Colorado Secure Savings – What You Need to Know
Back in 2020, the State of Colorado passed the Colorado Secure Savings Act, a program designed to encourage more employees to save for retirement by requiring businesses big and small to offer a retirement savings plan for their employees. Effectively, this makes employer-sponsored retirement plans (like a 401k) mandatory for businesses with five or more employees.
Beyond the requirement to offer a retirement plan, the state established their own retirement savings plan that will act as a default for business that do not wish to establish their own independent plan.
The pilot program launched late last year and beginning in 2023, will require business owners to comply with this new regulation.
Unfortunately, the communication regarding the Colorado Secure Savings Program has been insufficient. From our conversations with business owners, few have heard about the program and even fewer have received any communication or notice. This leaves business owners to figure out what’s going on, else they receive a financial penalty from the state.
Here’s everything we know so far about the Colorado Secure Savings Program and what you need to do to avoid fines and stay in compliance.
Do the Colorado Secure Savings Plan requirements affect my business?
The requirements for participation are fairly simple. Your business will be affected if:
Is the Colorado Secure Savings Program mandatory?
These qualifications make participation mandatory, but you can still participate in the state’s program if you don’t meet all these requirements.
The law does not specify what type of retirement plan must be offered. Employers will have the flexibility to choose between a 401k plan, SEP IRA, SIMPLE IRA, defined benefit pension plan or a state sponsored retirement account.
The law will apply to all companies registered in Colorado, but not to remote employees operating in other states. This means you will need to keep track at the payroll level of required vs. non-required employees.
What are the penalties if I don’t participate?
If you elect to not offer the state plan or setup one on your own, the penalties can be steep. According to figures from the state, non-compliance will set your business back by $100 per employee per year, with a cap of $5,000 per year.
Supposedly the state will begin sending numerous notices to businesses beginning this year, but the lack of communication thus far will leave business with a lot to do, and little time to do it.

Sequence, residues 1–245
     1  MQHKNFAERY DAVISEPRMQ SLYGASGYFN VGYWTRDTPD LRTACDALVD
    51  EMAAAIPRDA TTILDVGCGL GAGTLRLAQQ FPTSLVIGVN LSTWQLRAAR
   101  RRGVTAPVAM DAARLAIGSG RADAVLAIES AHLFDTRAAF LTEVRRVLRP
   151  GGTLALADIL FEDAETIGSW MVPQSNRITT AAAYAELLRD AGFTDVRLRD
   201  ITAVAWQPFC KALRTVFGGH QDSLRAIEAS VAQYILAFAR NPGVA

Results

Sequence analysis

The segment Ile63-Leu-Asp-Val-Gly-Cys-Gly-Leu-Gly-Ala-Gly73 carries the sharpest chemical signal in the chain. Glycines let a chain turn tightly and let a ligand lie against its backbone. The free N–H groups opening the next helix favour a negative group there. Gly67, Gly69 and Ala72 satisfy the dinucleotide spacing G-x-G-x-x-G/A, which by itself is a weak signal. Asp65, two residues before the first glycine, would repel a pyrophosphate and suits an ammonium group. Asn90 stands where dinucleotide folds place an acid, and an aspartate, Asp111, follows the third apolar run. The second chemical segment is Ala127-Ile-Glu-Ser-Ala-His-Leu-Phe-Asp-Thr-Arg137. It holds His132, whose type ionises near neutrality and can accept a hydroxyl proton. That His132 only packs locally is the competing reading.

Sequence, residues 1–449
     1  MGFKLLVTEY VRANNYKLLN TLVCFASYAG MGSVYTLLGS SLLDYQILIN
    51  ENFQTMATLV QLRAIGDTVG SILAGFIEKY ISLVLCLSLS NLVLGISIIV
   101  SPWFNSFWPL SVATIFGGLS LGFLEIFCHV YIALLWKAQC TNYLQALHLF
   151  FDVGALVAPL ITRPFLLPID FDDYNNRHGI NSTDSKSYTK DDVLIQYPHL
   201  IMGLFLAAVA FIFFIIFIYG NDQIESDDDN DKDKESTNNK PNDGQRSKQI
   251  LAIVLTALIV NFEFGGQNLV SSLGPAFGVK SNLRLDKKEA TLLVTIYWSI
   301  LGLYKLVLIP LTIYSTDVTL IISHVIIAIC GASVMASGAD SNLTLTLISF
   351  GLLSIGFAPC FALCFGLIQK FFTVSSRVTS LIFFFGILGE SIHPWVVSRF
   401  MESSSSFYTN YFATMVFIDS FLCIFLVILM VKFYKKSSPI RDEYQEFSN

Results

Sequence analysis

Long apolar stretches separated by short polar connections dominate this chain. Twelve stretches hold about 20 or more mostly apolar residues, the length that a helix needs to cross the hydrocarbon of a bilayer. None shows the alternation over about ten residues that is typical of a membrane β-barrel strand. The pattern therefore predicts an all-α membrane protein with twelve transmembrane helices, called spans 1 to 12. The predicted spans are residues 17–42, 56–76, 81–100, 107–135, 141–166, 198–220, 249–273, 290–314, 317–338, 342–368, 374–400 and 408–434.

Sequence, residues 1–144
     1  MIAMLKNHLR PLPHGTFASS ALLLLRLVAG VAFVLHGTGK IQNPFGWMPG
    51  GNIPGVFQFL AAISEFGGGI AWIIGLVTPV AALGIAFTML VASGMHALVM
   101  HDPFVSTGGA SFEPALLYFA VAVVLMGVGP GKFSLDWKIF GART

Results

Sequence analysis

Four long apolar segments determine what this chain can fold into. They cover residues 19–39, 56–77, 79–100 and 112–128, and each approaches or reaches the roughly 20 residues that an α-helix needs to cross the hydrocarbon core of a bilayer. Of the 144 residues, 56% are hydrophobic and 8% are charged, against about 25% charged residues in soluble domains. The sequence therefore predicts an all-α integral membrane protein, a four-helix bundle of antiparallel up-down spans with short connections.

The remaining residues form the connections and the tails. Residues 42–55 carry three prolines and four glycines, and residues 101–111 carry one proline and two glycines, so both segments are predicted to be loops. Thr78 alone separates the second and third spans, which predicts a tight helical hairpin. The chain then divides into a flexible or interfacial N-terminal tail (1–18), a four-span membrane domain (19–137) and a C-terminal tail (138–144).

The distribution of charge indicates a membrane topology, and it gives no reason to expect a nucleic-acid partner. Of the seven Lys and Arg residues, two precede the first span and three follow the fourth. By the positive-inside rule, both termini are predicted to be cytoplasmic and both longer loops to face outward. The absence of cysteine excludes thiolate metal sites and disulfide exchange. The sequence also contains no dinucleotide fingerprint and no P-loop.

What do I need to do?
If you already have a qualified retirement plan for employees
If you already offer a retirement savings plan for your employees, your job is fairly easy. You’ll need to start by visiting the state website at https://coloradosecuresavings.com/ and following the links to certify your exemption from the program. This will require a qualified plan, which based on their website is defined as:
A qualified, employer-sponsored retirement plan includes a plan qualified under Internal Revenue Code sections 401(a) (including a 401(k) plan), qualified annuity plan under section 403(a), tax-sheltered annuity plan under section 403(b), Simplified Employee Pension plan under section 408(k), a SIMPLE IRA plan under section 408(p), or governmental deferred compensation plan under section 457(b). It does not include payroll deduction IRAs.
If you do not currently offer a qualified retirement plan for employees
If you do not offer a plan for employees, you have a couple options. You can either offer the default state-sponsored retirement plan, or you can establish your own retirement plan. Each of those offer unique benefits that we will discuss below.
Using the State-Sponsored Retirement Plan
First, employers will need to visit the state website at https://coloradosecuresavings.com/ and enroll their business. Registration deadlines correspond to the size of the business.
|Number of Employees||Registration Deadline|
|50+ Employees||March 15, 2023|
|15-49 Employees||May 15, 2023|
|5-14 Employees||June 30, 2023|
Once registered, you’ll need to upload your payroll information and individual employee’s contribution levels. This is not a one-time process. You’ll need to submit payroll details every pay period and keep your employee records, contributions, and staff list up to date. You will also need to directly link your business bank account to the state and provide employee details including age, date of birth, and social security numbers.
Employers will have 180 days from the date of a new hire to enroll the employee to the plan. Employees must be 18 years old to participate.
By default, the state will set the contribution level to 5% of an employee’s gross income, deducted directly from their checks. Employees will also be responsible for plan fees. In addition to the expense ratios of their chosen investments, there are asset-based fees of 0.32% and annual account fees of $22 for the program, regardless of chosen investment options.